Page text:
The balance wheel's blue hairspring is made of a niobium-zirconium alloy and, therefore, is unaffected by magnetic fields. Furthermore, it's more resistant to shocks than regular hairsprings. Rolex named this innovative component "Parachrom Bleu." The oscillator can "breathe" more freely thanks to the special hairspring, whose outermost coil is raised and bent in towards the center (Breguet overcoil). This construction neutralizes the effects of gravity and results in higher accuracy. The position of the balance wheel, kept stable and precise thanks to the traversing balance bridge, also increases the movement's accuracy. This differs from conventional movements, which have a so-called balance cock that stores the oscillation system and is considered less stable.
Rolex has the accuracy of all its in-house calibers certified by the Official Swiss Chronometer Testing Institute (COSC). The 3132 is regulated via Rolex's Microstella system with Microstella nuts located on the balance wheel. Standard movements are usually regulated via a regulator, which lengthens or shortens the hairspring. Paraflex shock protection, another Rolex innovation, protects the movement against shocks and extreme conditions. The caliber has a diameter of 28.5 mm and is 5.37 mm thick.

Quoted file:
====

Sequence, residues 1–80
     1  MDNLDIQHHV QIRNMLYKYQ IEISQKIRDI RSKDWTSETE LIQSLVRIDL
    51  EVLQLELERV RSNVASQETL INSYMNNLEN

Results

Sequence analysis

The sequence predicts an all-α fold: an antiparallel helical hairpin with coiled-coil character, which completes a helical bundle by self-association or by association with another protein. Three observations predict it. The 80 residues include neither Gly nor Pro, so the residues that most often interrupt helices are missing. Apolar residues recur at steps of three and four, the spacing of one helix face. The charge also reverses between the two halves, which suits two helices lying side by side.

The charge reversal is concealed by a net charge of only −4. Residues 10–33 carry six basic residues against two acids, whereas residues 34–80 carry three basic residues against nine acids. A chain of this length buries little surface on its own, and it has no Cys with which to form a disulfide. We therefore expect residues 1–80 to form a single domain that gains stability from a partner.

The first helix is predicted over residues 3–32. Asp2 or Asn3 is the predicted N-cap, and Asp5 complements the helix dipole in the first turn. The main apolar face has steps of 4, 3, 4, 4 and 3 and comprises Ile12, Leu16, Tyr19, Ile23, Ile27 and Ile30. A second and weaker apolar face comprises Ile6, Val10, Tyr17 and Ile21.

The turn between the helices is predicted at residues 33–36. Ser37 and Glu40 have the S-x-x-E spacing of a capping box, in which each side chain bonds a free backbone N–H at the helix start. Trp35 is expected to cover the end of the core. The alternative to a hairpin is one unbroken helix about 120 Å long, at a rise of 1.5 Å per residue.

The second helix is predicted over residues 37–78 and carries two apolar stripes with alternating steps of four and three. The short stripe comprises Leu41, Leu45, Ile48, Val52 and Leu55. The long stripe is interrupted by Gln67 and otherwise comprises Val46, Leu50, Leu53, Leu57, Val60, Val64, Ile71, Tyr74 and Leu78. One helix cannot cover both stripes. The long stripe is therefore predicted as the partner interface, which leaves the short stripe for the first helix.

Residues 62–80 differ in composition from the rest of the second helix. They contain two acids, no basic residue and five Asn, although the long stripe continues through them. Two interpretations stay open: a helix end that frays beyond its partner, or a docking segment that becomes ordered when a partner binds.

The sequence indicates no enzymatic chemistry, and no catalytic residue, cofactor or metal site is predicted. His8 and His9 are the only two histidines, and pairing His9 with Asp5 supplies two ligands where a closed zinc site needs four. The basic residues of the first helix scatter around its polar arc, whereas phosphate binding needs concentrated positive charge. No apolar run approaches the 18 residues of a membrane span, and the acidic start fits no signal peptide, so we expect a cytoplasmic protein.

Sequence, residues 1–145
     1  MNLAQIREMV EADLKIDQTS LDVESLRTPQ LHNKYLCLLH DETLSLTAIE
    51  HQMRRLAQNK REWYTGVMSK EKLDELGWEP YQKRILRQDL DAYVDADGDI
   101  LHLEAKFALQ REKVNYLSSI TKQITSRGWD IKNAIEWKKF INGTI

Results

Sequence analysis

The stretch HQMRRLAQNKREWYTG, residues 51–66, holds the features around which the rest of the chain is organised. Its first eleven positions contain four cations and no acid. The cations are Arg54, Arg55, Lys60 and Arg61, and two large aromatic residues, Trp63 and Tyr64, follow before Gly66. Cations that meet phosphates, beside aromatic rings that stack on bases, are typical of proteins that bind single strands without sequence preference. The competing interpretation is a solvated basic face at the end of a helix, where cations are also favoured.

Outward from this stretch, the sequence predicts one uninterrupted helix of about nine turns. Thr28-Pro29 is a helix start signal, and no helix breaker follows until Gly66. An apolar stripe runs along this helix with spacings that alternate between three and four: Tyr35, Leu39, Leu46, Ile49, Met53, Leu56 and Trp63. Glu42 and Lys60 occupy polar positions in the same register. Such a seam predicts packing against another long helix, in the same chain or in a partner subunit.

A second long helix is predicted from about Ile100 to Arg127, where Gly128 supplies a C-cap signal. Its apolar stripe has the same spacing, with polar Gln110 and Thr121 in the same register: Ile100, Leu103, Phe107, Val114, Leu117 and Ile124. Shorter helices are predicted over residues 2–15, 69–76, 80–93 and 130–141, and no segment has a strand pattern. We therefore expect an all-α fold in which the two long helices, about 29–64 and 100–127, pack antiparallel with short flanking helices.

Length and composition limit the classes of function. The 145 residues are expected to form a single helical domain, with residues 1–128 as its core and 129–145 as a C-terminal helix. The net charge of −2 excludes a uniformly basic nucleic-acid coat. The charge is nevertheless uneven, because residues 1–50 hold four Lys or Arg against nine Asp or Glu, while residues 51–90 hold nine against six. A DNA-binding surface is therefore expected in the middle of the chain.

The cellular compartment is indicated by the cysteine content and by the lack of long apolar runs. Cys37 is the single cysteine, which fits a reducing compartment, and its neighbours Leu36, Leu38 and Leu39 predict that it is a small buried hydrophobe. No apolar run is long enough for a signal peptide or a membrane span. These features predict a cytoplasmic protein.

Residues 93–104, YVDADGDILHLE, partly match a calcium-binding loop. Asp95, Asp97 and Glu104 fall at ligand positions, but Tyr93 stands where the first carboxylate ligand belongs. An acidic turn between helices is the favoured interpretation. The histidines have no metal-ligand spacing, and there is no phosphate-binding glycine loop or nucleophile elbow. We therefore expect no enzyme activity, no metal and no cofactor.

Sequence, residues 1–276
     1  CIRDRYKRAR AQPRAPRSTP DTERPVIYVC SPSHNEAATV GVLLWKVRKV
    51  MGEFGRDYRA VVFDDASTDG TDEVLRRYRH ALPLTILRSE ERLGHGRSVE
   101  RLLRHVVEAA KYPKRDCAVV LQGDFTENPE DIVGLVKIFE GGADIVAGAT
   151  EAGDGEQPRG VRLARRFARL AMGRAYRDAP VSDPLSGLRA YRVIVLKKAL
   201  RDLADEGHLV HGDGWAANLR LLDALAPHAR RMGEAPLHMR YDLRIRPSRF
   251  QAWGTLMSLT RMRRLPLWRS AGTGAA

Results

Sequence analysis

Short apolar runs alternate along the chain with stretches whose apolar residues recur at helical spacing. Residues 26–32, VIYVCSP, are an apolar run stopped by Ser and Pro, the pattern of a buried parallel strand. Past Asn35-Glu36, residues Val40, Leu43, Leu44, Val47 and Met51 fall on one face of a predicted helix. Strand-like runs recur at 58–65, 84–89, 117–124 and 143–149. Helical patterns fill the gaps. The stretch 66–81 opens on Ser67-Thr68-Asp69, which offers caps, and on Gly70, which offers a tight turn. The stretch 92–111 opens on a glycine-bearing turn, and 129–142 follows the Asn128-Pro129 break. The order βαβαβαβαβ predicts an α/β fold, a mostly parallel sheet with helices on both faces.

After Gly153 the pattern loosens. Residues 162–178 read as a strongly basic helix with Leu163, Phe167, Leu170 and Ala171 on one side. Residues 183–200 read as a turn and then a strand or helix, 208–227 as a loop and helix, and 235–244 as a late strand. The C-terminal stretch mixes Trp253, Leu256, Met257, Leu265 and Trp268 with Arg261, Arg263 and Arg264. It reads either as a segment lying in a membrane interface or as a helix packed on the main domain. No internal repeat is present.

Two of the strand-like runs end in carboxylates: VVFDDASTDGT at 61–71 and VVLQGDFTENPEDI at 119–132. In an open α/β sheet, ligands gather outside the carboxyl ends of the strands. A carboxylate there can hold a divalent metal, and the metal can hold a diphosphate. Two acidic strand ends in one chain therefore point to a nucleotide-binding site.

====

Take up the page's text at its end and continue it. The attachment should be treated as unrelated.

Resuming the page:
Calibers 3165, 3180, and 3195
The Cellini with a pointer date utilizes the modified caliber 3165. Then there's the Cellini Dual Time, which gets its power from the in-house movement 3180 with a dual time zone function. The year 2017 saw the release of the caliber 3195, which ticks away inside the Cellini Moonphase. This movement features a pointer date in addition to its moon phase indicator. In terms of power reserve and accuracy, these three movements are all comparable to the caliber 3132 found in the Cellini Time.
Similar to Rolex's sports watches, each Cellini features a solid metal case back polished to a nice sheen. Even though you can't see them, Rolex decorates many of their movement components. For example, the winding rotor has a sunburst pattern, the screw heads are all polished, and the bridges are beaded. Automatic Rolex movements are some of the best movements on the market today.